The Port Talbot Old and New Facebook page is a regular meeting place for me now. We share and discuss our memories, complaints, events, concerns, photographs and research. Sometimes I learn things about the town that come as a surprise. I might not be able to reference them in Real Port Talbot - due out next year - (RPT won't be a local history book, or a guide book, or a memoir, but it does draw on all of those things) but they still add to my relationship with the town and might even spring open a new research direction for me.
A post this morning, started by Brenda Turner, has done just that, and thanks to a photo added by Nigel Eley, I am now on a mission. A Razor Clam mission. Or spoots, as Brenda calls them.
(Aside: I Googled spoots and found this great blog, Gastrobeach (how good a title is that?) and here's their post on spoots: These spoots are made for wok-ing. I wish I'd thought of that first.)
My dad used to dig up razor clams when the tide was out on Aberafan Beach and use them for fishing bait. I've seen them used in a couple of trendy dishes during the course of the Masterchef series but hadn't thought of cooking them myself, until now.
I think I'm going to need a fisherman to help me out here though. At the moment I have visions of sprinkling salt at the little bubble holes in a patch of wet sand and waiting for a razor clam to shoot upwards and for me to catch it like a baton. Maybe. Maybe not.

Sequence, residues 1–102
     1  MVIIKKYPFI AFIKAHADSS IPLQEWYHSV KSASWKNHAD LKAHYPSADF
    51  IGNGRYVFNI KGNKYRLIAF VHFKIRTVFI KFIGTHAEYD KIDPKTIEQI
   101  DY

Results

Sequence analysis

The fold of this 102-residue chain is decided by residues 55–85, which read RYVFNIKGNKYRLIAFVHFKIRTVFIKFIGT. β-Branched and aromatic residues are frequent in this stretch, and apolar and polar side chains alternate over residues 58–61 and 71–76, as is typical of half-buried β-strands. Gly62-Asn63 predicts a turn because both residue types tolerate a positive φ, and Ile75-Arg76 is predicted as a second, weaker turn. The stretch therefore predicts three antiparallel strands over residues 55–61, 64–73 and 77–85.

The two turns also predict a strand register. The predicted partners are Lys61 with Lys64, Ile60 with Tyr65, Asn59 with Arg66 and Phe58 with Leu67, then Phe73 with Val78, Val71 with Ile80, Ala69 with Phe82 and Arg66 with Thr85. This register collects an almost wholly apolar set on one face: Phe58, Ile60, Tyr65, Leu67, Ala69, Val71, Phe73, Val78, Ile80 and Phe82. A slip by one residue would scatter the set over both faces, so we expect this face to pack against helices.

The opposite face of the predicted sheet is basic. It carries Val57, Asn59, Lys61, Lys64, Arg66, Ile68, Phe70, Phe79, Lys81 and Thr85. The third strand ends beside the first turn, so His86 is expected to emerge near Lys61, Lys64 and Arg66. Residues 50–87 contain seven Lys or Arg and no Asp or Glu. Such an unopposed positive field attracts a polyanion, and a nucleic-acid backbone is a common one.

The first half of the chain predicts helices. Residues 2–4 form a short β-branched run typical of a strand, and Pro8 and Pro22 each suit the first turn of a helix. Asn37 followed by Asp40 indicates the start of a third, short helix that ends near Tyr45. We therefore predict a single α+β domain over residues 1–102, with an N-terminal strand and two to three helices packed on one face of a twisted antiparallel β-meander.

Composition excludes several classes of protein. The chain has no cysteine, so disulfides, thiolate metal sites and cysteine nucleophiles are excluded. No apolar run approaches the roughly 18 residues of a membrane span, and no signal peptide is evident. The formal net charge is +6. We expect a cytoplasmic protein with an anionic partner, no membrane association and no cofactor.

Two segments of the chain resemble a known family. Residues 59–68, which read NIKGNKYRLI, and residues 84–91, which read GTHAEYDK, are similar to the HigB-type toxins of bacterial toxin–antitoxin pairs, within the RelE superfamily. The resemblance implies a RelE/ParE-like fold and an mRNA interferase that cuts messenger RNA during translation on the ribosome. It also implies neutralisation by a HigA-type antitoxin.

But I have a recipe, courtesy of Brenda, who, although I only know her via Facebook, sounds like an expert forager, past and present:
I soak them in lightly salted water, then use this method for cooking, still in their shells, oh and garlic, parsley and a splash of white wine doesn't hurt. A nice way of doing them is in a ribbed steak griddle pan. Get the pan fairly hot and then angle the spoots into the spars of the griddle and it will help keep them closed for long enough. Cook them for a minute to 90 seconds in butter and wine, then take the spoots out and put the pan back on the heat, reduce the juices and add butter and chopped herbs. Serve them as they are, with just the spoots and a little of the juice. And get away from the idea that it has to be piping hot to serve, that’s often when you ruin the fish.
There weren't any photos on Gastrobeach so I googled again and found these, courtesy of Galloway Wild Foods, another great blog.
|spoots or razor clams|
There's no getting away from the fact that they do look better clothed.
I know what you're thinking, and you're right: a bit penile. Nothing that a sharp knife can't remedy. Sorry, guys.
Now all I need is a patient, friendly fisherman. If I go down to the Prom and Pier in search of one I hope I don't give the wrong impression. Once, when I was staying with friends in a small town near Atlanta, Georgia, USA, I offered to help the log-man unload and stack the logs from his pick-up. I had no idea of the impression this offer to help had made on him until he returned in his pick-up truck the next day, wearing his best dungarees, checked shirt and baseball cap, and invited me for a ride into the Appalachians, which was probably the rural-Georgian equivalent of a marriage proposal.
Hungry Writing Prompts
- Write about belonging.
- Write about a photograph you remember.
- Write about sand.
- Write about patience.
- Write about going on a date with someone you don't know.